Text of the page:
1P/Halley, or: What Goes Around Comes Around


Sophie Allan

Halley’s Comet loops around the galaxy like the hands of a clock. I see time marked out there in space. Notches carved along the comet’s trajectory, in between the stars and the nebulae, mark the years as they pass. Down on earth, stretching deep into the past, faces have shot skyward every 75 or 76 years  to witness this knotting together of time and humanity, earth and space. In their fields, on their mountains, from the dunes behind the shore, from the windows of their homes, they have tracked 1P/Halley through the darkness.

I see Halley’s cycle marking the time that has passed, and, like a clock, it marks time that is to come also. The eyes of future people too will rise one night to see the comet in the sky.

Some people say we will survive anthropogenic climate change as a species, but not a civilisation. This zine is an imagining of home and life and love on the next four nights the comet comes around. We are acidifying the oceans, poisoning the rivers and wiping species from the face of the planet at a rate not seen since the asteroid wiped out the dinosaurs, but time will keep on flowing, the stars will keep on burning, and what goes around will come around.


Emma Marie Jones

There is something so seductive about the naked eye. Both of us sitting here waiting with our naked eyes. Waiting for the cold snap when the smog peels back – it’s hanging phosphorescent, throwing the light of the city back onto itself. The light a loop. All of space and time a loop, a long slow dance that folds back on itself again and again and tonight we’re just able to see it. The comet. A recurring marker. A bright burning metronome measuring whole lifetimes like they are just a single beat.

Will you see it same as I do? Will it bind us, all of us? Your grandmother said remember when. Remember when we would touch avatars of things and they would appear. Remember when the self was a text, written by the self. Remember when we were all connected, all hooked up to one another, lives outside of bodies. Your grandmother who saw this comet on its last lap around the Earth. Will she be with us too?

You used to have faith in the wall, but now that you must leave me behind to go and build it you have changed your mind. You saw the flood barriers they were erecting, over in New York, over in Osaka. You got off on the fear. Look what happened to Venice, you said. Look what happened in Barcelona. We should build a wall right here, you said, right around Port Phillip Bay. Without shame you told me we should build something and hide behind it.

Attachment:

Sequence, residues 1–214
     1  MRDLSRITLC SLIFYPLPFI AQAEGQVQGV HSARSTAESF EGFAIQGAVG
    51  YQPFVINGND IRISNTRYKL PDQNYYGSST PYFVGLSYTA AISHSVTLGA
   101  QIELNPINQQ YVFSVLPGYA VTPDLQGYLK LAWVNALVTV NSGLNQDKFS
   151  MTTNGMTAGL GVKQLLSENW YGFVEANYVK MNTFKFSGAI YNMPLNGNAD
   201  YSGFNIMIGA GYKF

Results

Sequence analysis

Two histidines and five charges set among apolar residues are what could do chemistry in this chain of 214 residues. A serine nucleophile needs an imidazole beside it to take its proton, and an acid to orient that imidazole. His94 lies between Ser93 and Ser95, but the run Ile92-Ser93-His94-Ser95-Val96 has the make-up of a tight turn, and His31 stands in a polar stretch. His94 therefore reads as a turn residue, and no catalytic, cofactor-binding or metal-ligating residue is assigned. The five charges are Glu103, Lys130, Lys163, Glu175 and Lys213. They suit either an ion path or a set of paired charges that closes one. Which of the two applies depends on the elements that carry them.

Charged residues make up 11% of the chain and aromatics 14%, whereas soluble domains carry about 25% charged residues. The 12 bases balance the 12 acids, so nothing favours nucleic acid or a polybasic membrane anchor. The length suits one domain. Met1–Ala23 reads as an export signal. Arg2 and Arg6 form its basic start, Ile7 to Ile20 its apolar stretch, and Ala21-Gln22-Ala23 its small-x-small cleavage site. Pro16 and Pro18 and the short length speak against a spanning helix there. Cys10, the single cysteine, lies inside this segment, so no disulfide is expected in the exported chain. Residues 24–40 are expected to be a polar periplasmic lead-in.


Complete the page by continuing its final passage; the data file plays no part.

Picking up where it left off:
My mother says she doesn’t want to die behind a wall. My mother says she’d rather go by drowning anyway. It’s poetic, she says. Heroic like the myths. Imagine Brunswick underwater, an Atlantis for somebody someday. All the pieces of our lives just fish food. A stingray the size of our coffee table where our coffee table used to be. All our cutlery suspended, floating in concert, flashing like a silver school.

Below us Lygon Street moans like an orchestra tuning, disparate notes all reaching for that clarity, that unity of A and nearly getting there. As soon as you concentrate on the noise it becomes noise again. Beauty diminished by focus. I think the comet is the same. Moving fast but so far away that we can’t see it moving at all.

Travelling the same path for centuries, and for centuries allowed to pass us by. All of us congregated now on our balconies gazing at the sky. Our machines held close to the comet’s flank, fellow dancers for the moment but really just enemies seeking to exploit its heart, to take a piece of it and bring it back for someone in a lab to examine and name and put away. Soon we will know everything, and we will see nothing. This is what we have not yet learnt. We think we love infinity; really we just want for it to recognise us. But we’re wrong. Beauty is in the not knowing.